Grand Central Terminal


Grand Concourse of Grand Central Terminal


From the 16-page booklet:


Through the vast main concourse of Grand Central Terminal swarm hundreds of thousands of people every workday. The concourse is 272 feet long, 125 wide and 116 high. It contains the world’s largest color photograph and the world’s largest indoor clock. Deep in the ground below are 48 acres of trackage whose 123 tracks carry 450 trains daily with about 1/4-million passengers.



St. Patrick’s Cathedral


St. Patrick’s Cathedral, Built 1888


From the 16-page booklet:


St. Patrick’s Cathedral at Madison and Fifth Avenues, stands uncompromisingly amid a thicket of skyscrapers like a monument to another era. Seat of the Roman Catholic Archdiocese of New York, the massive Gothic structure resembles the great cathedral at Cologne. Completed in 1888 after thirty years of building, the church is 405 feet long and its towers rise 330 feet above Fifth Avenue. Inside, the central nave rises 112 feet, and its stained glass windows are rated among the finest in the world.



Central Park


Conservatory Lake in 840-acre Central Park


From the 16-page booklet:


New Yorkers wanting to “get away from it all” don’t have far to go. The 840 acres of Central Park, stretching for 2 1/2 miles up the middle of Manhattan, is available to them winter and summer. In this rectangle of both man-made and natural beauties can be found almost every known form of recreation—from a chess-and-checkers pavilion to a swanky nightclub. Here you can row a boat on Conservatory Lake, shown here, ride a horse or carriage, visit a zoo, go lawn-bowling, ice-skate, play baseball or tennis, admire beautiful formal gardens, watch a marionette show, dine in a sidewalk café, or just sit around lazily watching the fascinating passing parade.



Columbia University


Low Memorial Library, Columbia University


From the 16-page booklet:


Architects agree that the Low Memorial Library, one of the first five buildings erected when Columbia University moved to its present location in Manhattan’s Morningside Heights in 1896, is one of America’s most beautiful buildings. The university, one of the nation’s oldest and most renowned, originated in 1754 as King’s College in a vestry room of Trinity Church. One of the biggest and richest educational institutions in the world, it embraces Columbia College, the undergraduate school, and schools of engineering, architecture, political science, medicine, philosophy, dental surgery, pharmacy, and education.



Kennedy Airport


Kennedy International Airport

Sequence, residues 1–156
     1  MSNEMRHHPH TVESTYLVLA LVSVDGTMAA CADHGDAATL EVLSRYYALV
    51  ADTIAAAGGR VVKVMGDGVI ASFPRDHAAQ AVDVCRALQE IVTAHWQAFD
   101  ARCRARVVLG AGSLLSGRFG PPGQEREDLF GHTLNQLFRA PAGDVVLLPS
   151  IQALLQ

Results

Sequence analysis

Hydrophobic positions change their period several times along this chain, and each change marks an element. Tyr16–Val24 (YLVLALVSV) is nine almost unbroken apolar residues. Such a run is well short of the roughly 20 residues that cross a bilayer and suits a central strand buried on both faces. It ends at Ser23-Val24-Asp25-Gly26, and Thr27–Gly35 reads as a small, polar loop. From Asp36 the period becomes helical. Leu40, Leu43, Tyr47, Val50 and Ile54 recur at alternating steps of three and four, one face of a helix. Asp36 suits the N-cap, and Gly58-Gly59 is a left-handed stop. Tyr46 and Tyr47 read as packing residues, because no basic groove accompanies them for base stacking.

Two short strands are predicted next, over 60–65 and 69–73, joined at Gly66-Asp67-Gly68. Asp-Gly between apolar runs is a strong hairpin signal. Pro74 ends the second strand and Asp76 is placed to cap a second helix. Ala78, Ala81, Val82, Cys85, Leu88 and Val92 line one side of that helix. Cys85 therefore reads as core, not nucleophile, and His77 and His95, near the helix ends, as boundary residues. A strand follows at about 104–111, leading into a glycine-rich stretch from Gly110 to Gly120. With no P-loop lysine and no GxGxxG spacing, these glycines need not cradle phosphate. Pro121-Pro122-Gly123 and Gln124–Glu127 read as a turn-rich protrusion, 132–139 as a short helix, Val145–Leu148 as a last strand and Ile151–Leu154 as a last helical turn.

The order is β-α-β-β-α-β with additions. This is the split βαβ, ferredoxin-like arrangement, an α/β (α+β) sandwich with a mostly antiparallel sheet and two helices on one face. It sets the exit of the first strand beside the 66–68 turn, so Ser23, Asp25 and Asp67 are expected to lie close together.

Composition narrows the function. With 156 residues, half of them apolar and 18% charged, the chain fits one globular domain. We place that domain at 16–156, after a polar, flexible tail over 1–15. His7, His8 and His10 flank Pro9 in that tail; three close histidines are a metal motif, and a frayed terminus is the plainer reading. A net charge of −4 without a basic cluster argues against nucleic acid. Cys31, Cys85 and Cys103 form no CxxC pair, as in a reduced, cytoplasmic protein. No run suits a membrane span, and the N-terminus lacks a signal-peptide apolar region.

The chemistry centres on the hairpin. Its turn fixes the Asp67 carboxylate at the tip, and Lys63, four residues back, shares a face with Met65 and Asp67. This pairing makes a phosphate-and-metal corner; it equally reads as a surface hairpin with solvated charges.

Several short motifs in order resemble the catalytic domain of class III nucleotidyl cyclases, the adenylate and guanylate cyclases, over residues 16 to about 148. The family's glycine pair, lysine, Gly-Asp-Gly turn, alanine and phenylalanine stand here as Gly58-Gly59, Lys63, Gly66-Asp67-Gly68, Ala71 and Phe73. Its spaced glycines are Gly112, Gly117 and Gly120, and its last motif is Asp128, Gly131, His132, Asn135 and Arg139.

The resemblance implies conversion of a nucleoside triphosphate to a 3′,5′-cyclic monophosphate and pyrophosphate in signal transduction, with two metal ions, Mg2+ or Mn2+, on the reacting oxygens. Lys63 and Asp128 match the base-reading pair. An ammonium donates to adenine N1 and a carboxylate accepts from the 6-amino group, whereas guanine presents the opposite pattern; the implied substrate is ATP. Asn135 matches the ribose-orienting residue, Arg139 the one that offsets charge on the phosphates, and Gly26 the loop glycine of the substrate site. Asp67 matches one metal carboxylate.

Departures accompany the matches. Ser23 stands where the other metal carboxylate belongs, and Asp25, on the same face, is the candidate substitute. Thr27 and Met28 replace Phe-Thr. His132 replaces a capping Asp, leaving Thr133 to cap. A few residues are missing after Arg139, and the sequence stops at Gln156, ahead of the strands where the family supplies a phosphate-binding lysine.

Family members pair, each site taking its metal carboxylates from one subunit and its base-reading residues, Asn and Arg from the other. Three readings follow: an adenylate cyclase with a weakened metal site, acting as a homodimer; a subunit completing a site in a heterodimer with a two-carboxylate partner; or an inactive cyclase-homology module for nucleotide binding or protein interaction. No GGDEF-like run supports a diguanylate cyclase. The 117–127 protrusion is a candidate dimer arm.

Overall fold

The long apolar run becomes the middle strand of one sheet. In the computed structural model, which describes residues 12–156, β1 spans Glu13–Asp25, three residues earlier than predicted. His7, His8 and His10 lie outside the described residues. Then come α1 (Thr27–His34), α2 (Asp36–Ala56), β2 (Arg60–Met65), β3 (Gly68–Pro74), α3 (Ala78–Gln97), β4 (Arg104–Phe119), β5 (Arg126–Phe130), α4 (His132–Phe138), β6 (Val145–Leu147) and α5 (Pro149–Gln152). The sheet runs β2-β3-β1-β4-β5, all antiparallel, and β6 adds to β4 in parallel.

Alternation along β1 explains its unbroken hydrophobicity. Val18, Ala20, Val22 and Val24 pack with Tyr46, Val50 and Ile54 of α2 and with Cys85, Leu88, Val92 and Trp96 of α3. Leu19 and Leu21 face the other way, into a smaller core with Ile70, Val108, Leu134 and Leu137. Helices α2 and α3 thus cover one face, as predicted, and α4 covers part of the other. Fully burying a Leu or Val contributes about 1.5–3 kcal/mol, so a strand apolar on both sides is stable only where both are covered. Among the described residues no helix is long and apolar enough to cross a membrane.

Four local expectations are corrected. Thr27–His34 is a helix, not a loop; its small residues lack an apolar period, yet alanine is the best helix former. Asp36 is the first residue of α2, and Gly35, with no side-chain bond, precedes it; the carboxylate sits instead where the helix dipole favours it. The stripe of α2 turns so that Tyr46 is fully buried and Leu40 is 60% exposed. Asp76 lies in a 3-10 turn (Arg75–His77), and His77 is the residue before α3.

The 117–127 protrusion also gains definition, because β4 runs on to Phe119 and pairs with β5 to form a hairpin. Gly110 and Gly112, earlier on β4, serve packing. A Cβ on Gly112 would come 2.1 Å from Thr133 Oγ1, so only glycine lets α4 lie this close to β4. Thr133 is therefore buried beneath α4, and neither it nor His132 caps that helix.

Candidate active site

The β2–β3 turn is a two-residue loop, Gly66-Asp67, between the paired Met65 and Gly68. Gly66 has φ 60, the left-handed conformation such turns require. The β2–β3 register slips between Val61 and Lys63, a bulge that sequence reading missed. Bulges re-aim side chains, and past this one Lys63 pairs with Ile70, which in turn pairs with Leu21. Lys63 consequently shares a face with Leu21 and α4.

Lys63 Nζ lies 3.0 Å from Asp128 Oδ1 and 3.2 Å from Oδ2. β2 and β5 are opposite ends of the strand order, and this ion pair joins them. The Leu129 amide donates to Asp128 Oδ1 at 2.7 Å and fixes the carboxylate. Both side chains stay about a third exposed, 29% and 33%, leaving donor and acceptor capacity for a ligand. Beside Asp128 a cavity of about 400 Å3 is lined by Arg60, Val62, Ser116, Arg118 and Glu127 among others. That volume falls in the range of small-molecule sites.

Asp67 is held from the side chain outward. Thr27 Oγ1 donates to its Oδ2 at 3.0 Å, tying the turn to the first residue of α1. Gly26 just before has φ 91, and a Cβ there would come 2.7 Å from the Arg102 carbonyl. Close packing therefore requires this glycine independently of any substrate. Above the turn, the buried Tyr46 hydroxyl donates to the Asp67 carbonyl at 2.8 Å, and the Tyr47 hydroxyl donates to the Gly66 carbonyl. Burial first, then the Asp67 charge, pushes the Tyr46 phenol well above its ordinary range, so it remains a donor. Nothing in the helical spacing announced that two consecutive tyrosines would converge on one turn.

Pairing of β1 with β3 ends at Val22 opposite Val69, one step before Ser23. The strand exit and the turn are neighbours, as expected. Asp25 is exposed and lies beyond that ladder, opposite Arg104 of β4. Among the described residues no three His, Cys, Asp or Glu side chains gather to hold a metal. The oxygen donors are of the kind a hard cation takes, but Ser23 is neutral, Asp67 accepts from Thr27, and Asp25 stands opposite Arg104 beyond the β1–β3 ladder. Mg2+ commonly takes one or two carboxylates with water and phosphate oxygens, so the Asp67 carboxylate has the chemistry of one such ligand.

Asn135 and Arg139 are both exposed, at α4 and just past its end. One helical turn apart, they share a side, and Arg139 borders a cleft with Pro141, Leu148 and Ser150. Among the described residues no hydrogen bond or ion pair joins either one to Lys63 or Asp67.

From the 16-page booklet:


Our tour comes to an end at Kennedy (formerly Idlewild) International Airport. At this gateway to the world more than 12 million passengers arrive and depart every year on scheduled airlines. This flourishing “terminal city,” which was built at a cost of $150 million, includes terminals which can accommodate 140 planes at one time. Largest and most important structure at the huge airport is the International Arrival Building, which includes all flights from foreign countries. Covering an area of 4900 acres, the airport has five runways, the longest nearly 15,000 feet.


Larry said...

Your scans of these Viewmaster slides are beautiful. Thank you for sharing the New York City scans, and all the rest. This is one of my favorite blogs on the net. I hope you have the inclination and opportunity to do some more posts.

JAM said...

Thank you for visiting View-Master World! I'm glad you like it. Yes, I will be publishing more content. I have 400 packets partially prepared already. In order to prep them for the blog it takes about 10 hours of work for each packet. This is why not much could be done while I was getting my teaching certificate over the last two years.

Victor CoverMusic said...

Hello! Why do you have only one photo on your site, instead of a stereopair? Thus, a potential buyer could appreciate the quality of the stereo effect! With a stereopair, you would attract more buyers! ... Sincerely, Victor.

Victor CoverMusic said...

Hello! Why do you have only one photo on your site, instead of a stereopair? Thus, a potential buyer could appreciate the quality of the stereo effect! With a stereopair, you would attract more buyers! ... Sincerely, Victor.